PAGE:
On September 20th, a wonderful American playwright passed away: Jo Carson. Perhaps you've heard of her, perhaps you haven't -- most likely you haven't, because Jo Carson wrote plays about specific places, places that weren't megalopolises, places where the national media doesn't venture much. Places like Colquitt GA and Sautee Nacoochie GA, which I wrote about here. She also was a contributor to NPR, and published quite a few marvelous books like Spider Speculations and Liars, Thieves, and Other Sinners on the Bench. She also was the founder of AlternateROOTS, an inspiring organization devoted to community-based arts.
I never met Ms. Carson, although I was reading Spider Speculations with a mixture of amazement and inspiration the week she died. But I wish I had known her at least well enough to say thank you. But its more selfish than that: I wish I had heard some of her stories. In her collection of poems called Stories I Ain't Told Nobody Yet, a mother asks her child to come home while she is still alive, saying ""I could fill you up with stories, stories I ain't told nobody yet. . . . When I am dead, it will not matter / how hard you press your ear to the ground."
If you are a theatre person who is interested in diversity, I encourage you to expand your ideas of what that term means to include stories about people who live in the small towns and rural areas of America -- the people that Jo Carson wrote about. Read her books, her plays, her poems and break through the stereotypes fostered by the mass media.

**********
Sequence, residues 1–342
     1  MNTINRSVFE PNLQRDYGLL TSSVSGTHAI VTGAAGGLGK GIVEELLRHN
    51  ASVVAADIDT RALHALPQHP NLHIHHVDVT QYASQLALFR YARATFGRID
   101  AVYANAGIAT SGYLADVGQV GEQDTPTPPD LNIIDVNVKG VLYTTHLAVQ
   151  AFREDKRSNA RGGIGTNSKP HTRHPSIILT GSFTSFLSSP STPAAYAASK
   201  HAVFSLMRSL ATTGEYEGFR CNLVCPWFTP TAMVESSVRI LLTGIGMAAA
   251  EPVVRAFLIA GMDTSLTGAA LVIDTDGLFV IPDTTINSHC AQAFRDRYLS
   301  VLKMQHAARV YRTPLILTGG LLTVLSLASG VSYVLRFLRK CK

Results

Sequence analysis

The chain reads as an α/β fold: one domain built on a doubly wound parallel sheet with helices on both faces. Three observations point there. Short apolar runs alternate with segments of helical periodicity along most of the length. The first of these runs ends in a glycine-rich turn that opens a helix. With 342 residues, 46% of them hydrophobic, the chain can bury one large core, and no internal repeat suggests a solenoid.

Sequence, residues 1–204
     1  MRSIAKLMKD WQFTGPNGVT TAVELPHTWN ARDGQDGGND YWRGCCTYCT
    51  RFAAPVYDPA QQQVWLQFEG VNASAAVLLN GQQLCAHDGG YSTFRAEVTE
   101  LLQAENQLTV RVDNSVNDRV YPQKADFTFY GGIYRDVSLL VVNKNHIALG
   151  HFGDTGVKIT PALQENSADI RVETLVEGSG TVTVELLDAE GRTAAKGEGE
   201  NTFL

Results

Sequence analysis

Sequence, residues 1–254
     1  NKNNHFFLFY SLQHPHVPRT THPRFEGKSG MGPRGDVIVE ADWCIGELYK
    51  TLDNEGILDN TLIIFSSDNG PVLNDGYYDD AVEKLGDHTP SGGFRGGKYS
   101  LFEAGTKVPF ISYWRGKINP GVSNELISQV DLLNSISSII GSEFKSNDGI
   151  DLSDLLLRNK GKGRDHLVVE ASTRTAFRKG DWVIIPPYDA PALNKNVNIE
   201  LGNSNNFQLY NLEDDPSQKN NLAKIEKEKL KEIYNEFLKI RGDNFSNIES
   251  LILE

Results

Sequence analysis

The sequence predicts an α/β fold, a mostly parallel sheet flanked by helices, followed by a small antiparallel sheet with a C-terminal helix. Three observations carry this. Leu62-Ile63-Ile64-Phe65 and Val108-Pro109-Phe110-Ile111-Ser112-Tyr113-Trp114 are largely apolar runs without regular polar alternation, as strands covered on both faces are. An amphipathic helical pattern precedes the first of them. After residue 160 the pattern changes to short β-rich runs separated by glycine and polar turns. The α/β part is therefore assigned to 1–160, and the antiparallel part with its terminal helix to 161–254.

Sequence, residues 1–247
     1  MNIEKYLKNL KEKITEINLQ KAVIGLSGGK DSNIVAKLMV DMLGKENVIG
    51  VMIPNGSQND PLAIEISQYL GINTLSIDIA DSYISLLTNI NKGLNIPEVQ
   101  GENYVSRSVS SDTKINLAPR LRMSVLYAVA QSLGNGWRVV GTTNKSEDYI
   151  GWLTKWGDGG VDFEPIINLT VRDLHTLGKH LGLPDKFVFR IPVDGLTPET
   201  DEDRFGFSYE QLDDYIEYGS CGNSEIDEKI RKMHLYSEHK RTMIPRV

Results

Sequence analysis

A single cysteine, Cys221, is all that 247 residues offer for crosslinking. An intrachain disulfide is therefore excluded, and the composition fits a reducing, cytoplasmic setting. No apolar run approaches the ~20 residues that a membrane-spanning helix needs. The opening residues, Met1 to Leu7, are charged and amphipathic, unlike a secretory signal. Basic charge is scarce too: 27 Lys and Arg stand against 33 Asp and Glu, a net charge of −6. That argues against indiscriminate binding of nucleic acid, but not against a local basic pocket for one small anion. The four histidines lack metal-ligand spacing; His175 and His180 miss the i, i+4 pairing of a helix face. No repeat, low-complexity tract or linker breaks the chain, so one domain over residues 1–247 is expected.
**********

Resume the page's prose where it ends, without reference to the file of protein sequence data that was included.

But you can start by listening to her keynote speech at the AlternateROOTS 35th anniversary celebration three months before she died. What you'll hear is an authentic voice of passion, commitment, humor, and humility -- the kind of voice we could use more of in the theatre today. At one point in her speech, she says that people can live through hell if they have a strong community to support them. That certainly was true for her, and I think it is something we forget at our peril. I remember a time when certain members of the theatrosphere referred to "community" as the "C-word," reflecting the all-too-common alienation that turns cynicism into a virtue. I prefer authenticity, passion, commitment, humor, and humility.
Rest in peace, Jo Carson.
Friday, October 28, 2011
Subscribe to: Posts (Atom)
Think Again: Funding and Budgets in the Arts
Every once in a while, I think I'll post a link or two to posts written earlier in the life of Theatre Ideas that seem worth revisiting ...
When Vulture writer Jason P. Frank published his interview with 1776 cast member Sara Porkalob on October 14th, the online theater world h...
In an essay entitled "Defining Racism: Can We Talk?," from her book Why Are All the Black Kids Sitting Together in the Cafeteria? ...
Recently, we had a discussion in my Theatre of the Oppressed class about the question: what makes theatre "good"? What are the ch...